Bacteriology & Parasitology

Bacteriology is the branch and specialty of biology that studies the morphology, ecology, genetics and biochemistry of bacteria as well as many other aspects related to them. This subdivision of microbiology involves the identification, classification, and characterization of bacterial species. Because of the similarity of thinking and working with microorganisms other than bacteria, such as protozoa, fungi, and viruses, there has been a tendency for the field of bacteriology to extend as microbiology. The bacteria can be grouped on the basis of physical, chemical, and biologic characteristics. In recent years, medical scientists have concentrated on the study of pathogenic mechanisms and host defenses.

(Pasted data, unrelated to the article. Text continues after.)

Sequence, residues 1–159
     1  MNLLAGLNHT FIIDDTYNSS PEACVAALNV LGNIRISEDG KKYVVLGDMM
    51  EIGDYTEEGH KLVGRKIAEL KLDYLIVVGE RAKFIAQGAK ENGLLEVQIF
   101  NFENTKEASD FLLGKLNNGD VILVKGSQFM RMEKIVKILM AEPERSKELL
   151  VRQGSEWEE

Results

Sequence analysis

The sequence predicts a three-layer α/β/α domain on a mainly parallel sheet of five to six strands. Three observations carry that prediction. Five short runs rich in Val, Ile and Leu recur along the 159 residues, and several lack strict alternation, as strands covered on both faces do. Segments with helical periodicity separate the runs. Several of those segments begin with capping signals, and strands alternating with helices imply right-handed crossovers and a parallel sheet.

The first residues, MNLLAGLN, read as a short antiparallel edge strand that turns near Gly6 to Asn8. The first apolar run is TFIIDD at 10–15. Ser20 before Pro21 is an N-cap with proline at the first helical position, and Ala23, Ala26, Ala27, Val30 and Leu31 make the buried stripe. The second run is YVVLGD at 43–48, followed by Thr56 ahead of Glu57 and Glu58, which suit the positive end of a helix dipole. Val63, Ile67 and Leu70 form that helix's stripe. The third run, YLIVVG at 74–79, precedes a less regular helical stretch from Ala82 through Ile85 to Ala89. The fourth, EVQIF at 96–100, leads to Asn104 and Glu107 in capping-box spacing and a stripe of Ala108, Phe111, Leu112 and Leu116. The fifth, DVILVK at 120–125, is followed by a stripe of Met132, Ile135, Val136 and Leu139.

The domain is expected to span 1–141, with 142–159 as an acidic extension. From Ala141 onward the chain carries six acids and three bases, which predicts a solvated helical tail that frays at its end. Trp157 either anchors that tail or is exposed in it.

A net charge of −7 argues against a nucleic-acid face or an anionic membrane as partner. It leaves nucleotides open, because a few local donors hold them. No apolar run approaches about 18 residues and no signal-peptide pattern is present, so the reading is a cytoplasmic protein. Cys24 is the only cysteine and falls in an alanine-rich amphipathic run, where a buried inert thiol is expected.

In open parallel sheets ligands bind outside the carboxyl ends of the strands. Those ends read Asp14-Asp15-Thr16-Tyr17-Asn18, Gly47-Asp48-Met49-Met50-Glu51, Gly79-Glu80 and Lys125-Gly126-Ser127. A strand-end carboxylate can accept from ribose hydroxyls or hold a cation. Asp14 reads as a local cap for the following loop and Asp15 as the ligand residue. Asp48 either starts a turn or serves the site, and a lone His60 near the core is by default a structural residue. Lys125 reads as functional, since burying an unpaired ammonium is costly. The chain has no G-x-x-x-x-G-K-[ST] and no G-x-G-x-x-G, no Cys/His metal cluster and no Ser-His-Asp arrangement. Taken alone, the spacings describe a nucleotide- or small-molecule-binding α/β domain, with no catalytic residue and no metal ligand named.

Parasitology is the study of parasites, their hosts, and the relationship between them. As a biological discipline, the scope of parasitology is not determined by the organism or environment in question, but by their way of life. This means it forms a synthesis of other disciplines and draws on techniques from fields such as cell biology, bioinformatics, biochemistry, molecular biology, immunology, genetics, evolution and ecology. Parasitology is the scientific discipline concerned with the study of the biology of parasites and parasitic diseases, including the distribution, biochemistry, physiology, molecular biology, ecology, evolution and clinical aspects of parasites, including the host response to these agents. Parasitology is the scientific discipline concerned with the study of the biology of parasites and parasitic diseases, including the distribution, biochemistry, physiology, molecular biology, ecology, evolution and clinical aspects of parasites, including the host response to these agents.